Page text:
Female118 (32.6%)50 (24.6%)30 (13.6%)
Male244 (67.4%)153 (75.4%)191 (86.4%)
Family History (%)
No203 (56.1%)NANA
Yes110 (30.4%)NANA
unknown49 (13.5%)NANA
Stage (%)
Stage Ⅰ169 (46.7%)33 (16.3%)93 (42.1%)
Stage Ⅱ84 (23.2%)96 (47.3%)77 (34.8%)
Stage Ⅲ81 (22.4%)59 (29.1%)49 (22.2%)
Stage Ⅳ4 (1.1%)15 (7.4%)0 (0.0%)
Unknown24 (6.6%)0 (0.0%)2 (0.9%)
AFP (ng/ml)
≤300211 (58.3%)NA118 (53.4%)
>30064 (17.7%)NA100 (45.2%)
Unknown87 (24.0%)NA3 (1.4%)
Grade (%)
Grade 155 (15.2%)NANA
Grade 2175 (48.3%)NANA
Grade 3115 (31.8%)NANA
Grade 412 (3.3%)NANA
Unknown5 (1.4%)NANA
Vascular Invasion (%)
None204 (56.4%)NANA
Yes104 (28.7%)NANA
Unknown54 (14.9%)NANA

Single-cell RNA Sequencing Data Analysis

The scRNA-seq data was normalized through “Log Normalize” method, followed by identifying the top 2000 highly variable genes using the “Find Variable Features” function of the “Seurat” R package. Next, we scaled all genes using the "Scale Data" function and reduced the dimensionality of the data by performing principal component analysis (PCA) on the top 2000 highly variable genes using the "Run PCA" function. Subsequently, we employed the "Find Neighbors" and "Find Clusters" functions (with a resolution of 0.5) to cluster the cells. To visualize the clustering results, we used the "Run TSNE" function to generate a two-dimensional t-distributed stochastic neighbor embedding (t-SNE) plot. To identify differentially expressed genes (DEGs) for each cluster, we employed the "Find All Markers" function. For cell type annotation, we performed reference-based annotation using the reference data from the Cell Marker 2.0 [31] and the Human Protein Atlas [32]. We then used the "Subset" function to extract the T and NK cells population. For identification NK cell marker genes, we used a threshold of adjusted p-value < 0.01 and | log2 (fold change) | > 0.5.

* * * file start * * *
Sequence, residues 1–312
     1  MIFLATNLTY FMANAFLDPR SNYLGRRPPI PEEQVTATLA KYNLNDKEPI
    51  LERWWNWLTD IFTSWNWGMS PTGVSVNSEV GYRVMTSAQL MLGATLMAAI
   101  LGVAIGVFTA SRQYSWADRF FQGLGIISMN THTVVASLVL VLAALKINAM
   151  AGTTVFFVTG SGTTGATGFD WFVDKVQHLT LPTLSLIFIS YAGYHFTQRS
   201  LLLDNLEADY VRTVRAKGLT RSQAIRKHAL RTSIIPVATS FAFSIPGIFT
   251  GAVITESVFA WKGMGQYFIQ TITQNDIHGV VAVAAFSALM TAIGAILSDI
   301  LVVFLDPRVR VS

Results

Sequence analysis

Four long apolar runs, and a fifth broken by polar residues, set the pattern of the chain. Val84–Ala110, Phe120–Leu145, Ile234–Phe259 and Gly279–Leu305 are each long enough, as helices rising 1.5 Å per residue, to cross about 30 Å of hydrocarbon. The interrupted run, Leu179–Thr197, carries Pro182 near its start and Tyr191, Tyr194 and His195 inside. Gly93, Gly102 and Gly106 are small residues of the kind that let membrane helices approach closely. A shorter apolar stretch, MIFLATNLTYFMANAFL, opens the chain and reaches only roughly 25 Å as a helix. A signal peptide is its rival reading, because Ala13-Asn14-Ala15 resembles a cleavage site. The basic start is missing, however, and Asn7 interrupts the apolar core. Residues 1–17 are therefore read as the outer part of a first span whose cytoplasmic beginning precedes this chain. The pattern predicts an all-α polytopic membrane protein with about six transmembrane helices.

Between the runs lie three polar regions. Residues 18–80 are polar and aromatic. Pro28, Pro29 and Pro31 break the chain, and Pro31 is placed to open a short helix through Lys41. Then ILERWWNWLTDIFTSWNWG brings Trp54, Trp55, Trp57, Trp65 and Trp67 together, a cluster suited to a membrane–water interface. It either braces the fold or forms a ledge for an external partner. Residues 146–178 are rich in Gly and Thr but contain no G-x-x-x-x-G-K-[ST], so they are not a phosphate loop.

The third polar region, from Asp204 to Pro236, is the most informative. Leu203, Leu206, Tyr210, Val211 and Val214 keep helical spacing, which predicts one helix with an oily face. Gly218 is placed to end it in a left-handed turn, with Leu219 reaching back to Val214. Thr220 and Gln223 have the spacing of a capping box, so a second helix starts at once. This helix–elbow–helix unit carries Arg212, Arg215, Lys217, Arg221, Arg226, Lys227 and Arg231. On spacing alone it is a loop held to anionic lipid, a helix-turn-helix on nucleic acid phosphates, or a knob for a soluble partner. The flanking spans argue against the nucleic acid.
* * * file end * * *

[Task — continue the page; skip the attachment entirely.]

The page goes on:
LASSO-COX Dimension Reduction Analysis